Two people asked me for copies of poems I read which are not yet published, so I thought the easiest thing to do would be to put them here on the blog where they can access them and pass them onto friends. One is my sensitive little love poem to Donald Trump (for Tom from Norfolk – have fun in India). The other is my take on Philip Larkin’s “This be the Verse”, mine being titled “This be the ReVerse”, for Margret without an “a” – hope your children are the ones you deserve.

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Donald Trump, I Love You Man

Oh Donald Trump, I love you man

Your orange skin face and your bright golden hair

Your peppermint breath and your predators glare

Your hair surfs your head from one side to the other

like a baby hamster in search of its mother

I love how you hold up your neat thumb and finger

like you’re summoning thoughts through the hole in your sphincter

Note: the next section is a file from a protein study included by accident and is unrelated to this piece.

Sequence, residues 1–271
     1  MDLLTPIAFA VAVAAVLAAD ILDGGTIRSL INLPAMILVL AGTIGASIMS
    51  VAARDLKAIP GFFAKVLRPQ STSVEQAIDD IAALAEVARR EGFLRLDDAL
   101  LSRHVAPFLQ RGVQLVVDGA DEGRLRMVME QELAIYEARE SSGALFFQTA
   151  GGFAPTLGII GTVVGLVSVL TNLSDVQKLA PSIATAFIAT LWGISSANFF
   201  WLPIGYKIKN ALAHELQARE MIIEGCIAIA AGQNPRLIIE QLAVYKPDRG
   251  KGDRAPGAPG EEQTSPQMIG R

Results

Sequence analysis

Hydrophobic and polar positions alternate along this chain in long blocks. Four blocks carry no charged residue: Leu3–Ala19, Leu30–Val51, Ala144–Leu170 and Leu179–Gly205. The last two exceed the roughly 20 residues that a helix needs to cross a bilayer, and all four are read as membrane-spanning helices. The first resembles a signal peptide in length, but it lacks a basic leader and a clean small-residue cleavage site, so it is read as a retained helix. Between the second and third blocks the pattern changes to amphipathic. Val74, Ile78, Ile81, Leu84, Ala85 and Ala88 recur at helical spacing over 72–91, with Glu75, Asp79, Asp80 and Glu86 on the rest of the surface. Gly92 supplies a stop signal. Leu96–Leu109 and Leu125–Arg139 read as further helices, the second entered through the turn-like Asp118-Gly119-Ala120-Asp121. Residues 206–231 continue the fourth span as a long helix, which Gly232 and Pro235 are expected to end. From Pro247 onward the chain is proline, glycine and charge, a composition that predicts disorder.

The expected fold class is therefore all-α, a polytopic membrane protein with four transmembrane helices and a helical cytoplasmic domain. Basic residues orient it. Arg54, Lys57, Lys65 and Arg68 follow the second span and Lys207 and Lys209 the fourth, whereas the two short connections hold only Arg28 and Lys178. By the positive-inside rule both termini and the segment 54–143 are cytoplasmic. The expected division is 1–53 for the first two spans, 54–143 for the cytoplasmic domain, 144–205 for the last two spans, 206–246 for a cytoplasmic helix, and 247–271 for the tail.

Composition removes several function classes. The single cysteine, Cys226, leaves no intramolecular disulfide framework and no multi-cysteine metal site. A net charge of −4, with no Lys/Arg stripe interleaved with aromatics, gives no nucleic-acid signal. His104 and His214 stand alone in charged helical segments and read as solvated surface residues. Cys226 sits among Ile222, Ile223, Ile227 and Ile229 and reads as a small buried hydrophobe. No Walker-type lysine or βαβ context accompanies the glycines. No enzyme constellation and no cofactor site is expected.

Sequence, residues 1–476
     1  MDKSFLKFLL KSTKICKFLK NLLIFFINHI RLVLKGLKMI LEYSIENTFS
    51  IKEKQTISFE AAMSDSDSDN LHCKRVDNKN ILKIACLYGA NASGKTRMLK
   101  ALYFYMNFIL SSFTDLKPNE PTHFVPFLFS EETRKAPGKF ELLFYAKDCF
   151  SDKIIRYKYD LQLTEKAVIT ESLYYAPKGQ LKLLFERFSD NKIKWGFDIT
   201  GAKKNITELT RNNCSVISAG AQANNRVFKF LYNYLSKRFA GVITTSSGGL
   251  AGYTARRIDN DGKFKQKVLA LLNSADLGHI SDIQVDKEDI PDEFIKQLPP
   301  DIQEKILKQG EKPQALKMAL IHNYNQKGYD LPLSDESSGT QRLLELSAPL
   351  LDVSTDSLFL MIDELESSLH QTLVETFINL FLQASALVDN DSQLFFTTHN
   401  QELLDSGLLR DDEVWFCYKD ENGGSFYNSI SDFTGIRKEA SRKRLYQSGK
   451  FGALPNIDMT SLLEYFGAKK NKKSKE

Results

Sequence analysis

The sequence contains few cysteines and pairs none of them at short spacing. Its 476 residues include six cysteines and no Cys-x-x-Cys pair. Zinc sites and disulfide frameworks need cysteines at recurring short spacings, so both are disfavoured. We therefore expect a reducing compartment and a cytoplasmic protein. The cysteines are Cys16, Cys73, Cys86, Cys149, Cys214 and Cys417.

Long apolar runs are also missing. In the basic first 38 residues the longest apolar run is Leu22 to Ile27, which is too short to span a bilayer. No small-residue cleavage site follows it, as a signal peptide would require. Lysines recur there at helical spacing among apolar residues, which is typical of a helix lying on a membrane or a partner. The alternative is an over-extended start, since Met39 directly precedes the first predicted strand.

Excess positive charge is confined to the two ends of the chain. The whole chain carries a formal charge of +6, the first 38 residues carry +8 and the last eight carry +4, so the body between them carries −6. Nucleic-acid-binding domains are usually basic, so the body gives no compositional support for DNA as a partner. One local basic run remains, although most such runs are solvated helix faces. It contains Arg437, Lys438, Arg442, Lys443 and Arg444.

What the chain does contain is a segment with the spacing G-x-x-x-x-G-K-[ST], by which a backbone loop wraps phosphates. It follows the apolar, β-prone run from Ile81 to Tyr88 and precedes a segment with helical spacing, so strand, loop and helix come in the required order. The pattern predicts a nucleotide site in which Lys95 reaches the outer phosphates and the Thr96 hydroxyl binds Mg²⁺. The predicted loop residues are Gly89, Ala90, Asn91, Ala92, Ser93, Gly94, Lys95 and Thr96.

Oh Donald Trump, I love you man

I love the way you don’t read no books

You got all your wisdom from working with crooks

No need for long words, no speech hi falutin

Your message is simple, just trust Mr. Putin

We trust you’re the man to clean up this mess

We don’t trust you more but we distrust you less



 

Oh Donald Trump, I love you man

You’ll keep those illegals from crossing our borders

with their nachos and tacos and cheap Margaritas

You’ll build a huge wall and you’ll send them the bill

and if they don’t pay you’ll nuke them to hell.

Real ‘mericans will get the great jobs that they do

Like mowing the lawn and cleaning your loo



 

Oh Donald Trump, I love you man

I’ve heard the fake news of your sexual disgrace

with cute Russian hookers who piss on your face

And the stuff about groping and grabbing of pussy

Your businesses bankrupt, your real estate dodgy

But you wouldn’t waggle your horny old trumpet

In Russian hotels, with weak bladdered strumpets



 

Oh Donald Trump, I love you man

You say you can see that the future is dark